Early events in the novel show Scout’s childhood life, from tensions on the school playground and in the classroom, to the scouting of recluse Boo Radley’s house, to the building of a snowman and its loss in a neighborhood fire, to, finally, the arrival of Aunt Alexandra to “civilize” Scout and Jem.

Then the rape of an Ewell girl and the trial of Tom Robinson is introduced. In my original reading, I suggested that the rape and the subsequent events exist in an adult world that the children do not belong to, and that they had to be forced into that world (as downtown witnesses at night, and joining the blacks in the courtroom balcony). I did not feel that earlier concern this time, but that reaction does have validity. Meanwhile, town events ranged from the people’s reaction to Atticus defending a “nigger,” to a dramatic confrontation with Atticus before the jail, to the extended treatment of the trial itself. Some critics, note, attribute the details of the trial to Lee’s interest in the law, and to her father having been a lawyer.

I wondered, however, in my first review whether Scout’s innocence might have been better joined to the heart of her childhood if Boo Radley had been identified more as an outsider, like the blacks were, and that Scout could have seen in her treatment of Boo much of what she objected to in the treatment of blacks. Or, if rather than Tom Robinson being accused of rape, someone in Calpurnia’s family was accused, for this would have given that trial much more significance in Scout’s personal life.

For its conclusion, the novel switches back to Scout’s childhood, specifically to her school’s Halloween pageant in which she wears a clumsy costume. On heading home from the school at night, she is attacked and falls, and during that confusion a man is killed. In both readings, I found the circumstances of that attack quite arbitrary, because it represented a return to Scout’s childhood, and it had no connection to the preceding events, except its justification of Boo Radley’s presence in the novel. There is also a lengthy discussion between Tate and Atticus about whom to blame for the death, which bothered me until I realized that underneath was a debate about how not to charge a good man with the death of the evil man who attacked Scout.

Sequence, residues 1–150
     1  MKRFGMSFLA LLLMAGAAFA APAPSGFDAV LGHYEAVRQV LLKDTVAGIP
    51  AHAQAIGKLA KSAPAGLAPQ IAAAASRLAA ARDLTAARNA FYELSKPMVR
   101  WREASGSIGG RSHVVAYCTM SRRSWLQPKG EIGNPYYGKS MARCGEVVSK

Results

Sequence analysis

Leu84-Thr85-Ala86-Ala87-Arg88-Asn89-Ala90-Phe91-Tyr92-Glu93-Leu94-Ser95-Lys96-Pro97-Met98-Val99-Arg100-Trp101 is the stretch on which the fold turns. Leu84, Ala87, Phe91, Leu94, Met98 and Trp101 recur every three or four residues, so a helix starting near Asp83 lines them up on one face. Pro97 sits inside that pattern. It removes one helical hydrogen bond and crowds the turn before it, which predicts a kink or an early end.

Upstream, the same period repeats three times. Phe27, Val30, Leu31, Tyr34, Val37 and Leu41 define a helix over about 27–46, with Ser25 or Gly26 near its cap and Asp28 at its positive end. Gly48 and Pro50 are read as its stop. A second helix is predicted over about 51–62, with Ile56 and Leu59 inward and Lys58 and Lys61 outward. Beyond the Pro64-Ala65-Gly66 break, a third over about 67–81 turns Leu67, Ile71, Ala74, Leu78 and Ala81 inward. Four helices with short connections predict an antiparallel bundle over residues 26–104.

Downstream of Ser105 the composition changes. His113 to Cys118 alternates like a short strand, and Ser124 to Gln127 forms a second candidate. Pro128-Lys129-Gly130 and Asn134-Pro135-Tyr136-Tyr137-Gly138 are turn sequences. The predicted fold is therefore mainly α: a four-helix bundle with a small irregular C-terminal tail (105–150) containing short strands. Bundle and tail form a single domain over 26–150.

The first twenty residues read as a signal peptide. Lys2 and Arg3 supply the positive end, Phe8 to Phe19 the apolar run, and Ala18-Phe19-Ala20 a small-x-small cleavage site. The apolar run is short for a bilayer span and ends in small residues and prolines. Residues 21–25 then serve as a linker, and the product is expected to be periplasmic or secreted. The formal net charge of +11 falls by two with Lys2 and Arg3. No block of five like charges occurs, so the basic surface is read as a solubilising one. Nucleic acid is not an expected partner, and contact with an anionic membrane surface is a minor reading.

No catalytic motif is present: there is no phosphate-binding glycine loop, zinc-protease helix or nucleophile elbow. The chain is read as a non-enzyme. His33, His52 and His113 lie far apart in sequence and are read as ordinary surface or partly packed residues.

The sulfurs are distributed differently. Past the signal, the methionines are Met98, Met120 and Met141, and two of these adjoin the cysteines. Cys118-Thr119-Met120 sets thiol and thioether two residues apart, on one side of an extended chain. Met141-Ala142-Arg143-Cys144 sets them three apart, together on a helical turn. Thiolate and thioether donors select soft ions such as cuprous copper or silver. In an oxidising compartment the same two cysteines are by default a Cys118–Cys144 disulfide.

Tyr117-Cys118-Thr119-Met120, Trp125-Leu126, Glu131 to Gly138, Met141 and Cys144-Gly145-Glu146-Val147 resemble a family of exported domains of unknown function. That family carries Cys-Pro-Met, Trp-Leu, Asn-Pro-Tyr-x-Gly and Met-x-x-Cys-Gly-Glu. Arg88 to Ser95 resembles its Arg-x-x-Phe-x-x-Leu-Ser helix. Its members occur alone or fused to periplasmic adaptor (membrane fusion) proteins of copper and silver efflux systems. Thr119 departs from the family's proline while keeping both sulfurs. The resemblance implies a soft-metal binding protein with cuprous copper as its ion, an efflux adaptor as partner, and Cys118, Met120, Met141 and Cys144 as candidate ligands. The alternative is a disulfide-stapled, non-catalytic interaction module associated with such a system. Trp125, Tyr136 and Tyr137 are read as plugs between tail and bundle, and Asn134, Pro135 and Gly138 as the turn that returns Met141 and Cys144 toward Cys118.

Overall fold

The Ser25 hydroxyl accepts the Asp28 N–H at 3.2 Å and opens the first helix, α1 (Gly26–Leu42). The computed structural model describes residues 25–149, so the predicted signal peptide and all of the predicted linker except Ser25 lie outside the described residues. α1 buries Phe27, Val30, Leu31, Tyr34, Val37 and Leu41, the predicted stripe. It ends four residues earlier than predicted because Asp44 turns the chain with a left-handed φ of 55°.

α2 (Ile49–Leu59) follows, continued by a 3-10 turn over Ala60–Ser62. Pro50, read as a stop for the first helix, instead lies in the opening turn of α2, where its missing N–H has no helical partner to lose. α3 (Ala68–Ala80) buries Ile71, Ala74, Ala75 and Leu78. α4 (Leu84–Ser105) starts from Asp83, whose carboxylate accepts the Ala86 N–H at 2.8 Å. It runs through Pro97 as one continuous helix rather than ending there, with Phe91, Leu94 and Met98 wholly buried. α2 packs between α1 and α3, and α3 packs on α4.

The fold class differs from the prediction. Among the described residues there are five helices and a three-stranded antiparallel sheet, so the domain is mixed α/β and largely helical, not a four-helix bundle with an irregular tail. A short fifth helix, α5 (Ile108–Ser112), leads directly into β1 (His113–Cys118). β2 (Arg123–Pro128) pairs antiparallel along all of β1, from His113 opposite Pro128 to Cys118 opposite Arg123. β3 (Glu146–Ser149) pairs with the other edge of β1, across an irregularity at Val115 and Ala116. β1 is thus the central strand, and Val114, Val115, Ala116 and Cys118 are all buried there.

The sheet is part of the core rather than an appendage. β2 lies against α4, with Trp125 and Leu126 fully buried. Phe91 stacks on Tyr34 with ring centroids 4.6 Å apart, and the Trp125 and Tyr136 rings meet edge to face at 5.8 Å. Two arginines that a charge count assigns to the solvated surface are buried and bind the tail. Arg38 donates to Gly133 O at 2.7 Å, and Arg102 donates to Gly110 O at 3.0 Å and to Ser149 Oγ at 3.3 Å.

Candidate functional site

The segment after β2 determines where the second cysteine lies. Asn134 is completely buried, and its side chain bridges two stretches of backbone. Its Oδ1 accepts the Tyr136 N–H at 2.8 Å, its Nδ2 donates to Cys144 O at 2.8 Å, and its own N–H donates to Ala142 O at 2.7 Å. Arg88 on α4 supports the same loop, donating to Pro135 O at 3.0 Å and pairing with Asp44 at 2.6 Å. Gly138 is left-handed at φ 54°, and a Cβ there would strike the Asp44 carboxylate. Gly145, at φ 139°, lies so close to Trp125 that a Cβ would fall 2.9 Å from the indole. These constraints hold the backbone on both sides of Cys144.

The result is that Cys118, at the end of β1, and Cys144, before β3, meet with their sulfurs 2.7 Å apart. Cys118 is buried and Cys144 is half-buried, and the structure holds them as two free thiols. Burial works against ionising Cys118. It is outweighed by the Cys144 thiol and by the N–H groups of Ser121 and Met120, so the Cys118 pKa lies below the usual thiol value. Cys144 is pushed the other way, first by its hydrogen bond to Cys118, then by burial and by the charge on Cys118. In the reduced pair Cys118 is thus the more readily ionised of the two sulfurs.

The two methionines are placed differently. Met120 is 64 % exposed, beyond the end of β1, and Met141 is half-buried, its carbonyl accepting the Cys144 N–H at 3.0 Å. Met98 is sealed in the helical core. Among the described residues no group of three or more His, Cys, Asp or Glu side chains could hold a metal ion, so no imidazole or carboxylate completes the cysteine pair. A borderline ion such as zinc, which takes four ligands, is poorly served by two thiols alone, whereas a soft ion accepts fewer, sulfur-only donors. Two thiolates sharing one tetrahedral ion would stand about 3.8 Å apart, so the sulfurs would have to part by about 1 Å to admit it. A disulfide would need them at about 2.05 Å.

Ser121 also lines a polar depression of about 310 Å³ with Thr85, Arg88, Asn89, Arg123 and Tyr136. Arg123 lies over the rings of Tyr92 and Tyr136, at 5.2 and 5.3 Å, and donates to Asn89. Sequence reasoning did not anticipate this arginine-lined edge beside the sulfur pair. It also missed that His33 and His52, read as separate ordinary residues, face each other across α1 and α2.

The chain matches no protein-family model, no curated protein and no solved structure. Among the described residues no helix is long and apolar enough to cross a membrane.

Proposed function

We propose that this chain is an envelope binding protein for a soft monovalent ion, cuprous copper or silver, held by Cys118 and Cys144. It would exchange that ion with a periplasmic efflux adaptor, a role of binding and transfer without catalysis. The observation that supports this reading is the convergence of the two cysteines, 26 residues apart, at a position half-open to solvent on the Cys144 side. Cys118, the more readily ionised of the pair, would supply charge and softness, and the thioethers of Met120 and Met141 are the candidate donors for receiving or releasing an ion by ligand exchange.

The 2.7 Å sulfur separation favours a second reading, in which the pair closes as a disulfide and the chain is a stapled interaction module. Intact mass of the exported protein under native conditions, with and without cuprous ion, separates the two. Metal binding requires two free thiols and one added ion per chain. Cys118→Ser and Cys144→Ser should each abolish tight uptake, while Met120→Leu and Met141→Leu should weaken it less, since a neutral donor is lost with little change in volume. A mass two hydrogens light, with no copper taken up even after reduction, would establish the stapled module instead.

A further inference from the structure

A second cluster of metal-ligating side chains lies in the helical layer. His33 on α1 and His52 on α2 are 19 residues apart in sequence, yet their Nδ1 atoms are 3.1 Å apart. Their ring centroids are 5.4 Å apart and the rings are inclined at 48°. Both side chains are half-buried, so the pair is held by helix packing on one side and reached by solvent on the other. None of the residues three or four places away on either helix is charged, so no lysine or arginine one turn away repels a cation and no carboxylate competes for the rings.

When Go Tell a Watchman came out last month, we learned the story behind the creation of Mockingbird. That Harper Lee wrote Watchman first, and that her New York editor convinced this young author that the real story was in Scout’s youth twenty years earlier. And so Lee wrote Mockingbird, a novel that created a very different Atticus Finch. For the Atticus of Watchman is a member of the White Citizens’ Council, while the Atticus of Mockingbird is himself mocked for “defending a nigger.” (Although one might note that Atticus does say that the leader of a lynch mob in Mockingbird is “basically a good man,” with “blind spots along with the rest of us.”)

All of which started me speculating. For Watchman was written in the late 1950s, when the civil rights movement was just picking up steam, and I wondered if the New York editor was perhaps not comfortable with publishing a beginner’s novel in which a main character is a member of the White Citizens’ Council and the work is filled with racist venom. And so to get around this, my theory holds, she suggested that this novice author refine her work and focus on an innocent child as the heroine who is just confronting the racial reality of that era, the 1930s. Which the young author did. Whether or not this happened, it is interesting to note that there is a trial of a black man in both novels, and that the outcomes are reversed—as if Lee chose a negative result in the 1930s novel to make her racial point stronger.

But it is also interesting to note law professor Monroe Freedman, who observed that Atticus did not change that much. That he went along with the white supremecist times in each case. In Mockingbird, he defended Robinson only because he was assigned that task; and he did not object to the prevailing norm of no black jurymen, nor to their segregation in the courtroom. Whereas in Watchman, when the civil rights movement is beginning and white Southerners are reacting with White Citizens’ Councils, we learn Atticus stays with the politics of his fellow Southerners.